California Court of Appeals
66 Cal. App. 4th 442 (1998)
Anthony Maglica (defendant) started a machine shop business in 1955. In 1971, Maglica met Claire Halasz (Halasz) (plaintiff) and they began living together, holding themselves out as husband and wife, and building the business together. In addition, Halasz changed her name to Maglica. In 1974, Maglica incorporated the business and placed all of the business shares under his name. In 1978, Halasz developed a successful flashlight and soon the business was worth hundreds of millions of dollars. In 1992, Halasz learned that Maglica was transferring the stock to Maglica’s children rather than to Halasz and Halasz sued Maglica for breach of contract and quantum meruit. At trial, the judge gave instructions on the measure of recovery for a quantum meruit claim, stating that the reasonable value of Halasz’s services was either the value of the cost to obtain similar services or the value of the benefit to Maglica. The trial judge also gave jury instructions on the issue of the existence of an implied-in-fact contract to share ownership of the business, stating that the fact that Maglica and Halasz lived together and held themselves out to be married should not be considered in the determination. The jury awarded Halasz $84 million. Maglica appealed the award and Halasz cross-appealed the jury instructions regarding the existence of an implied-in-fact contract.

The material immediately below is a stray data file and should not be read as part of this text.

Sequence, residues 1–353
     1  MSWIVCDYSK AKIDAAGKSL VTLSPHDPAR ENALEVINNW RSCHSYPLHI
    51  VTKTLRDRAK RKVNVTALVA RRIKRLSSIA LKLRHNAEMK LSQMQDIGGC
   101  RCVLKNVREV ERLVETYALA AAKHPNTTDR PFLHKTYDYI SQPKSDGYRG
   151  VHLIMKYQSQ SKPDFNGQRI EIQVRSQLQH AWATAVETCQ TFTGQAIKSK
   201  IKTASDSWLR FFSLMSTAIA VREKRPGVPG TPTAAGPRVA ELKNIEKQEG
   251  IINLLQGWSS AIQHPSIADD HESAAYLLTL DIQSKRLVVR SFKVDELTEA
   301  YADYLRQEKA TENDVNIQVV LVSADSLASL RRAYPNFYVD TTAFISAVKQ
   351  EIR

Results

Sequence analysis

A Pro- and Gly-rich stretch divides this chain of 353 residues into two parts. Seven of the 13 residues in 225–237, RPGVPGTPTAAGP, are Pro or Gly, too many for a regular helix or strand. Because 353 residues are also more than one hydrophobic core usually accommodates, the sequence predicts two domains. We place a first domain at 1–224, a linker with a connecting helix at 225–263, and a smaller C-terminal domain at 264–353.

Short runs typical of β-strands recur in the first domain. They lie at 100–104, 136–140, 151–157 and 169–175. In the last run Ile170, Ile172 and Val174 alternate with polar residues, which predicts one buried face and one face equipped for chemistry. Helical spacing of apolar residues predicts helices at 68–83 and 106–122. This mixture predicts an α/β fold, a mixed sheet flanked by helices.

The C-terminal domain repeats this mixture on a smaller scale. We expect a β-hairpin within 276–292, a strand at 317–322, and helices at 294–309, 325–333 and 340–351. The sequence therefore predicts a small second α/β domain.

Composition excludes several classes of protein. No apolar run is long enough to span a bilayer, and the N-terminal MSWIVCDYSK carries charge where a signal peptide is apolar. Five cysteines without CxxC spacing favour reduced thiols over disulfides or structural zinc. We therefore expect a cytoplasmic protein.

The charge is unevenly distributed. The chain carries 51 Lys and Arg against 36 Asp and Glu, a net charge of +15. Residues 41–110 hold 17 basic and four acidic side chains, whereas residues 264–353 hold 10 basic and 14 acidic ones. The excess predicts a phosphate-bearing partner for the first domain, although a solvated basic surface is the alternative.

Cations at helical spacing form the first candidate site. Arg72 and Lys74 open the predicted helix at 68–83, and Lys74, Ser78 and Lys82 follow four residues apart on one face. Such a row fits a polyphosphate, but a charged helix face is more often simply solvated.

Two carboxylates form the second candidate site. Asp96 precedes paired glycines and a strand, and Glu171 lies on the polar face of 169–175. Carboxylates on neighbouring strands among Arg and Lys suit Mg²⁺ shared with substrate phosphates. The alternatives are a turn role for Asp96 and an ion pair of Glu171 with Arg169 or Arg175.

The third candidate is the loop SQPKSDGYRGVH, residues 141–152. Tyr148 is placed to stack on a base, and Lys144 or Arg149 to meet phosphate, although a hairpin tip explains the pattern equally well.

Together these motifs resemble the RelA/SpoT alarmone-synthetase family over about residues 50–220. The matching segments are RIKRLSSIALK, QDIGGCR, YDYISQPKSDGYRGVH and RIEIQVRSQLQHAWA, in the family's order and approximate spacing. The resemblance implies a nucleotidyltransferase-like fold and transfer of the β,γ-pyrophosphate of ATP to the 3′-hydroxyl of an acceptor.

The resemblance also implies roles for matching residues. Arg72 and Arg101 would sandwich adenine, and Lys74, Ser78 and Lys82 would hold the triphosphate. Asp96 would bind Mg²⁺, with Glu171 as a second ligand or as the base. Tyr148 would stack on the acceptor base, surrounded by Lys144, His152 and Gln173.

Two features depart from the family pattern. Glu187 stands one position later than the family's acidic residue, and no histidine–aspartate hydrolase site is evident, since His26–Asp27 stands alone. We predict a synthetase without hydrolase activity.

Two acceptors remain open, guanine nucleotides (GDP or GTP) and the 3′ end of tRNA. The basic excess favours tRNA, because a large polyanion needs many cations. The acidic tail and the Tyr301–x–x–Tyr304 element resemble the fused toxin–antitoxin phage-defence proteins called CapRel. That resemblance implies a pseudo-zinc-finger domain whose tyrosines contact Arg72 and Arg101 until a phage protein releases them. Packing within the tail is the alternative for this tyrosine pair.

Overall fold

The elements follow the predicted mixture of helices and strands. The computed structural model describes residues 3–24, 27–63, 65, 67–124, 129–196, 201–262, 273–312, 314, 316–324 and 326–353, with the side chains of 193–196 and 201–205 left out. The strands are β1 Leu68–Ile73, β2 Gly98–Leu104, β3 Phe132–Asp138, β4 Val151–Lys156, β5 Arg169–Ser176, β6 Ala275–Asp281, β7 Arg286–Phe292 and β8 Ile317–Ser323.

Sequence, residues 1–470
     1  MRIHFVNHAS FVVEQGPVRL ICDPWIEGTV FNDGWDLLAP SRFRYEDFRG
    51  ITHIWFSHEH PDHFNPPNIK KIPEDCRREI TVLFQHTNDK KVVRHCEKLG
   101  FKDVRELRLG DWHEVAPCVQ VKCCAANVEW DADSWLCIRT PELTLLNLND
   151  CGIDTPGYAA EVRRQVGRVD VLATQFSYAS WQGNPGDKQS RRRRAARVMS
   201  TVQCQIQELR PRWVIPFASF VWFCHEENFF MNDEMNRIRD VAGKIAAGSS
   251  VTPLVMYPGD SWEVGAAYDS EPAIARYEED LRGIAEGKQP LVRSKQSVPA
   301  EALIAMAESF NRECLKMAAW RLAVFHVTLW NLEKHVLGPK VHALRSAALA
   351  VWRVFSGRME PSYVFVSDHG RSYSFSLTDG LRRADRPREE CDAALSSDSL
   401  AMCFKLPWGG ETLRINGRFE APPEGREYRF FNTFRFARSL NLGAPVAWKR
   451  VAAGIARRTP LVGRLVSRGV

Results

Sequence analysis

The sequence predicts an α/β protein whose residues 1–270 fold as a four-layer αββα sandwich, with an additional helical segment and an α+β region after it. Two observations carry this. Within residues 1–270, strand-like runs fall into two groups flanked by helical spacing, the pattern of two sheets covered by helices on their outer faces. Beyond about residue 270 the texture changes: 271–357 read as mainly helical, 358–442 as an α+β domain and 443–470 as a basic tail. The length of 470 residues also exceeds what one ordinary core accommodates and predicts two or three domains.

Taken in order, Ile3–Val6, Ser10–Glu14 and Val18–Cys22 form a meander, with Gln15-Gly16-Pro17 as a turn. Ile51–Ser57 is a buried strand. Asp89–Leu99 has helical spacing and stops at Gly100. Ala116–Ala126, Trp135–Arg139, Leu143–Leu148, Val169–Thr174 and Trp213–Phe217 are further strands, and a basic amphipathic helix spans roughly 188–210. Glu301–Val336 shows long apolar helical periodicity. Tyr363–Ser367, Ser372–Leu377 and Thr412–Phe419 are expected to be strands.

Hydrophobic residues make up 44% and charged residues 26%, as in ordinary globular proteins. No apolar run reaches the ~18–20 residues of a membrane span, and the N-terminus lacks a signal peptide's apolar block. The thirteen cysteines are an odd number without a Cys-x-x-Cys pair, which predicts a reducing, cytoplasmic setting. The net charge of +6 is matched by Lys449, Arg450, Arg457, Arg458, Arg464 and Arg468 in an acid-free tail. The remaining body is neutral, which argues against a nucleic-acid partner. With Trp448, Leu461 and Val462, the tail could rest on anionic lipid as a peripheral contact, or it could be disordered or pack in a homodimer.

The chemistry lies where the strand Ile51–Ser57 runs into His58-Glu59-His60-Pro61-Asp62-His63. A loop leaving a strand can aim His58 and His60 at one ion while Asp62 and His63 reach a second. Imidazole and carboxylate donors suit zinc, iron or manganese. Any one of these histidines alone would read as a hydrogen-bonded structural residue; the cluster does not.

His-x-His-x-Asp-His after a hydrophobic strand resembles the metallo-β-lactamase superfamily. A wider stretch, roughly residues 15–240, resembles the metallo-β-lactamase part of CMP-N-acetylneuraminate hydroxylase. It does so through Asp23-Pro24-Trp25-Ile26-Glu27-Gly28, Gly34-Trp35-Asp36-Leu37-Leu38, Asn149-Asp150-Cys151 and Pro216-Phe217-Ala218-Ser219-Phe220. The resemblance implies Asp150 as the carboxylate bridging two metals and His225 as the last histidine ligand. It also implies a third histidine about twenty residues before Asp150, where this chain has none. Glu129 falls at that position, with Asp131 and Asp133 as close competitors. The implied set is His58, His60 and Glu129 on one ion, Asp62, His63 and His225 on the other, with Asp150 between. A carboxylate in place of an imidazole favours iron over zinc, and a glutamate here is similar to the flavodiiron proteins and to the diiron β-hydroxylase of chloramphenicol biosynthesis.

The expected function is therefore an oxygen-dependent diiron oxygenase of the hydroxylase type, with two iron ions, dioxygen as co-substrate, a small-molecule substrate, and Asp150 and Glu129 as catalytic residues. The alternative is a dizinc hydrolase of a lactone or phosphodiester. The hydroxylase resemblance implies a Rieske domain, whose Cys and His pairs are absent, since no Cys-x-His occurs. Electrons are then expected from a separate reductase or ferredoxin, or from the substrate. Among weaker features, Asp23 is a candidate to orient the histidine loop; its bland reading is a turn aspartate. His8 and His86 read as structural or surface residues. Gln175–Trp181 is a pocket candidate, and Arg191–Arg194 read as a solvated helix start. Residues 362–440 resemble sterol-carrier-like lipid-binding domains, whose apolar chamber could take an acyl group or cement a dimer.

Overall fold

Rule of Law
Holding and Reasoning (Sills, P.J.)
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